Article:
When the annual art bacchanal known as Art Basel Miami Beach kicked off last December, hundreds of extremely well-heeled collectors literally stormed through the double doors of the Convention Center in South Beach for the invitation-only VIP opening.
They raced to dealer booths and, within an hour, had scooped up hundreds of works--many of them large, ambitious, "museum-sized" pieces designed to attract attention as much to the buyer as to the artist.
As we now know, the U.S. economy was just then descending into the recession that was officially declared on the eve of this year's ABMB fair. And oh, what a different scene it was!
At the Dec. 3 VIP vernissage, there was no "collectors, start your engines" rush. Once inside, people actually looked at--and talked about--the art (instead of the labels) before they pulled out their credit cards. Despite lower asking prices--30% less at some booths--and a greater willingness by dealers to negotiate, many buyers put pieces on reserve, requesting hours, days and even weeks to think about buying.
Meanwhile, back in New York, with sales at the bellwether autumn auctions of impressionist, modern and contemporary art amounting to less than half the total of last year's sales,
"There's business being done," said Nicholas Acquavella of Acquavella Galleries in New York. "But it's obviously a new world now."
Could this be a good thing? You betcha.
In the past few years, prices in the art market soared to dizzying heights, fueled not only by hot money made in the financial markets but also by a batch of new collectors who were in the game as much for the glamour as for the art.
The overused line about art turning into a commodity couldn't be denied, what with professors devising tools like the Mei Moses Fine Art Index, financial wizards starting art investment funds and entrepreneurs publishing bulletins like "Skate's Art Valuation Letter." Even the National Bureau of Economic Research published papers like "Is Art a Good Investment?" People were buying art by .jpeg.
Art Basel Miami Beach, and the many satellite fairs that grew up around it, was a symbol of this trend--hip to the point of parody. Populated by celebrities, fashion-world divas and luxury-goods companies keen to sell their wares to the wealthy collectors ostensibly there for the art, South Beach during the first week in December was a place where everyone schemed to get into the best parties and the best restaurants.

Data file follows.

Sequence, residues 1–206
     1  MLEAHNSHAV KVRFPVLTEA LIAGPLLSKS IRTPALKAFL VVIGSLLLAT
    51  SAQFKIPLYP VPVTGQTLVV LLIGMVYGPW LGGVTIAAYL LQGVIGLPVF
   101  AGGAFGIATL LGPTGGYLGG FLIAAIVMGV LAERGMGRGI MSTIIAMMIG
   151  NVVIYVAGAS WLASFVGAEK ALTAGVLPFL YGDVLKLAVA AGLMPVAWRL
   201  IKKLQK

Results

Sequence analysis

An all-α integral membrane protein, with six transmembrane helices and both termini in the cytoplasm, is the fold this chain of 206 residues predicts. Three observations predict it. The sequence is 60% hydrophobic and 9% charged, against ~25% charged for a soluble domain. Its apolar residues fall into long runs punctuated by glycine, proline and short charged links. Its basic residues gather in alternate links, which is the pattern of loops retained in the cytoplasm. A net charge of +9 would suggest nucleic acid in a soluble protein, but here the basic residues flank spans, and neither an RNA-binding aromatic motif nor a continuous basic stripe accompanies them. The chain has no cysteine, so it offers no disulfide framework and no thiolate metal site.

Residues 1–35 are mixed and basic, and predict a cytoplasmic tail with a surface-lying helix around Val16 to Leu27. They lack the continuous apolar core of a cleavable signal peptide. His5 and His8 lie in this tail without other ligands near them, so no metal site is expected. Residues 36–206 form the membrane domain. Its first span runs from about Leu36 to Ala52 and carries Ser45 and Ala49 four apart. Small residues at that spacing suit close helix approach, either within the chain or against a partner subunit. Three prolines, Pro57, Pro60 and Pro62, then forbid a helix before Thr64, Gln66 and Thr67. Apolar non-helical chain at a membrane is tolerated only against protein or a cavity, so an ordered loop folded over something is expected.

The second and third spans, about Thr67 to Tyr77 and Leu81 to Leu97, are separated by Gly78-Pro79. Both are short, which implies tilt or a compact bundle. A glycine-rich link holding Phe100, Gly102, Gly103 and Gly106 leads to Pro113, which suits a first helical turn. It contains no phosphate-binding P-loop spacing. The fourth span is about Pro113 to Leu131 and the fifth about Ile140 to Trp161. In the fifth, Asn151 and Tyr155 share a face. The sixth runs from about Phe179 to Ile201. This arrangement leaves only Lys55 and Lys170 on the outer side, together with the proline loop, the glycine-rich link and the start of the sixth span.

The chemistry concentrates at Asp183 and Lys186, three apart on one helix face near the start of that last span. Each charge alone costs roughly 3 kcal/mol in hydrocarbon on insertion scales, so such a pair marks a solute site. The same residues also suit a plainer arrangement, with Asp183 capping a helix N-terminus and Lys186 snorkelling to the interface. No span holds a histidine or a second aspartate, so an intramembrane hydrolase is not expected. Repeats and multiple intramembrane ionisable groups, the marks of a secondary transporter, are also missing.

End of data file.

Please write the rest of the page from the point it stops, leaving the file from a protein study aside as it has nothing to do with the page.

This year, the scene was more sober, figuratively speaking. People were still drinking cosmos and caipirinhas and champagne, but the thrill was gone--many cruised around looking for better parties they never found.
For collectors, this situation is obviously better. If they don't have to make split-second decisions, if they can buy better quality work at lower prices, what's not to like?
"There's never a reason to buy a mediocre work of art, and people did during the frenzy," said Michael Rosenfeld, a New York dealer who was showing at ABMB for the second year. "We'll get back to real connoisseurship and really looking at art, not collecting for speculation."
(It's true that collectors who need to sell will likely have to swallow lower prices--but they were warned, or should have been, that art can be illiquid.)
For art, this could be a better period, too. It's no secret that some artists have learned to game the market. Damien Hirst, who sold a diamond-encrusted skull for a reputed $100 million to an art investment group that included himself simply to set a record for a living artist, is just the most obvious example.
With less money sloshing around, such antics may decline. Money, and the high prices of art, won't dominate the conversation about art. Non-glitzy, non-promotional artists will have a chance to be noticed. Some gallerists at ABMB, like Andrea Rosen, believe this is already happening. Lately, she's sold more works by artists of the '70s and '80s who've been overlooked in this overheated market. And at the fair this year, there were noticeably fewer huge installations.
The losers in this, aside from those flashy artists and art speculators, could be art galleries. A shakedown is coming. But as Mathias Rastorfer of Zurich's Galerie Gmurzynska predicted about the market's future: "It'll be a slower pace, and a less amount of sales, but we're back to a better price structure--at worst, prices of three years ago, which are good prices compared to what's going on in the financial world."
That's what's known as a soft landing, which in these times isn't bad.